Butina’s arrest is significant in light of her apparent efforts to penetrate the Trump campaign and to get the GOP candidate to commit to lifting sanctions on Russia at a time relations with Moscow were hardly a front-burner issue in the presidential race. In July 2015, just weeks after Trump announced his candidacy, Butina showed up at a conservative evangelical Christian event in Las Vegas, where she questioned the new candidate about his position on sanctions against Russia. “Do you want to continue the politics of sanctions that are damaging both economies?” Butina asked Trump after he called on her in a question and answer session. Trump replied in the course of a rambling five-minute answer: “I know Putin. … I believe I would get along very nicely with Putin, OK? I don’t think you’d need the sanctions.”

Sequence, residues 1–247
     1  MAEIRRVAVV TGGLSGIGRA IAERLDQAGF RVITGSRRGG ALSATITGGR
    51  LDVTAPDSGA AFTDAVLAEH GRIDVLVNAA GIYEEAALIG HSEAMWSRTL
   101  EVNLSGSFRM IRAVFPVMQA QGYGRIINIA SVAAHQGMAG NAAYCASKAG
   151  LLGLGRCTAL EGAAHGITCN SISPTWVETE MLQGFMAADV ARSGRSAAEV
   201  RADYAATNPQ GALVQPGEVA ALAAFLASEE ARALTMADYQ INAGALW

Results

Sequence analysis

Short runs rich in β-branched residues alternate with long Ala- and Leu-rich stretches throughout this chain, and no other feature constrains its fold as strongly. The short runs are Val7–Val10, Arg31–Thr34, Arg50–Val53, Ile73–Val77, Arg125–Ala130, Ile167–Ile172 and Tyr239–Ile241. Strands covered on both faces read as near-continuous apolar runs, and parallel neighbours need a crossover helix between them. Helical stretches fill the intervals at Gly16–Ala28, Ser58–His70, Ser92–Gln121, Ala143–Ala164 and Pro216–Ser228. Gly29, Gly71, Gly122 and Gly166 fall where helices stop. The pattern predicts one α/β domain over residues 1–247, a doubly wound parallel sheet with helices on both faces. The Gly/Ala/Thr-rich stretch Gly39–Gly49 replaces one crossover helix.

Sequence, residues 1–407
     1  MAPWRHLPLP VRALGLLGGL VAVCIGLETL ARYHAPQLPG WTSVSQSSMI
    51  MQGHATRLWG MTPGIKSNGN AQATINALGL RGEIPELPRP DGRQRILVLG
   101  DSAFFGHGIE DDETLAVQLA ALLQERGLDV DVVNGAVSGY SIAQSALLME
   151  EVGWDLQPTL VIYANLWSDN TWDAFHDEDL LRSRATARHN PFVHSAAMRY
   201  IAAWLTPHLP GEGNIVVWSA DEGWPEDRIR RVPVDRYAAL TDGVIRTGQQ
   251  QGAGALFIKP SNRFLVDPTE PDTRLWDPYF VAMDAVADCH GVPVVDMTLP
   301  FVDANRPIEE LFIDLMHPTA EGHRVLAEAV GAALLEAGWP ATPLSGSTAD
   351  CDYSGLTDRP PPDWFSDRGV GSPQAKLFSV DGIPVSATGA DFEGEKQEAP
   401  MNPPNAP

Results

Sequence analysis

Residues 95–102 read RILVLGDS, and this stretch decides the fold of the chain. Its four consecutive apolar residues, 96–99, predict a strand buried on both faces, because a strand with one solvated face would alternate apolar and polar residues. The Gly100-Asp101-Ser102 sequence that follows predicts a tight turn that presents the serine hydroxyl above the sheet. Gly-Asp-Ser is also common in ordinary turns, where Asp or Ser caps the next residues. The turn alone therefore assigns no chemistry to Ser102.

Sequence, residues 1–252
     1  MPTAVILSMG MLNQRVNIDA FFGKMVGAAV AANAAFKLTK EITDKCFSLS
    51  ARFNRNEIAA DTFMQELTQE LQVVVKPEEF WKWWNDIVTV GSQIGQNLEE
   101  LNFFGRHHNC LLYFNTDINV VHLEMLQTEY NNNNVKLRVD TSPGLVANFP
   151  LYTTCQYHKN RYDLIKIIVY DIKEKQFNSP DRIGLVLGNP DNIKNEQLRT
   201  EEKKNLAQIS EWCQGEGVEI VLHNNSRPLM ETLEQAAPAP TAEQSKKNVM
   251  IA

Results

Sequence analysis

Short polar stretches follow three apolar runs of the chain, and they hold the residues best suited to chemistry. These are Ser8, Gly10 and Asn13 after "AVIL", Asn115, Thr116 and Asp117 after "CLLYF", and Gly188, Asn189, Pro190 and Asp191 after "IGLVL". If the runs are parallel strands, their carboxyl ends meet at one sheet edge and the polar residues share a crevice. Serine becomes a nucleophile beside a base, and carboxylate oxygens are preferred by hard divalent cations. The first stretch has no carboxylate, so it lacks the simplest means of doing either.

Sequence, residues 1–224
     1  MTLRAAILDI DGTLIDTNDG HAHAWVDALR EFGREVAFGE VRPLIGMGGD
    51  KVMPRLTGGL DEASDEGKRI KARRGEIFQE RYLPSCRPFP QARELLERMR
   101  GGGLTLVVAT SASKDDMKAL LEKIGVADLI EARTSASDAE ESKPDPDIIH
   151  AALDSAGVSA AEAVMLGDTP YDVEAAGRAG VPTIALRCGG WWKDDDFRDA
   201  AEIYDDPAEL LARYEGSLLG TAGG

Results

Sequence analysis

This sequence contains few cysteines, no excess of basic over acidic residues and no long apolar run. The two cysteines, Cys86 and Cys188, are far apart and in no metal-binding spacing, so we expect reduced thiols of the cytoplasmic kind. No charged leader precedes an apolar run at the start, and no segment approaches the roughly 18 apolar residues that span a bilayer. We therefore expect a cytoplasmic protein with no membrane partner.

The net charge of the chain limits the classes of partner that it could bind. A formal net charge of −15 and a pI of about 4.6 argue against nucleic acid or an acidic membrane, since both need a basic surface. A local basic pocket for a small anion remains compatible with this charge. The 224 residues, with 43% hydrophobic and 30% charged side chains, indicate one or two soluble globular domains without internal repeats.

As revealed in the book Russian Roulette, co-authored by this reporter with David Corn, Trump adviser Steven Bannon and Republican National Committee chair Reince Priebus shared concerns about Butina and her agenda after viewing video of her questioning Trump.
“How was it that this Russian woman happened to be in Las Vegas for that event?” Bannon and Priebus discussed among themselves, according to “Russian Roulette.” “And how was it that Trump happened to call on her? And Trump’s response? It was odd, Bannon thought, that Trump had a fully developed answer. Priebus agreed there was something strange about Butina. Whenever there were events held by conservative groups, she was always around, he told Bannon.”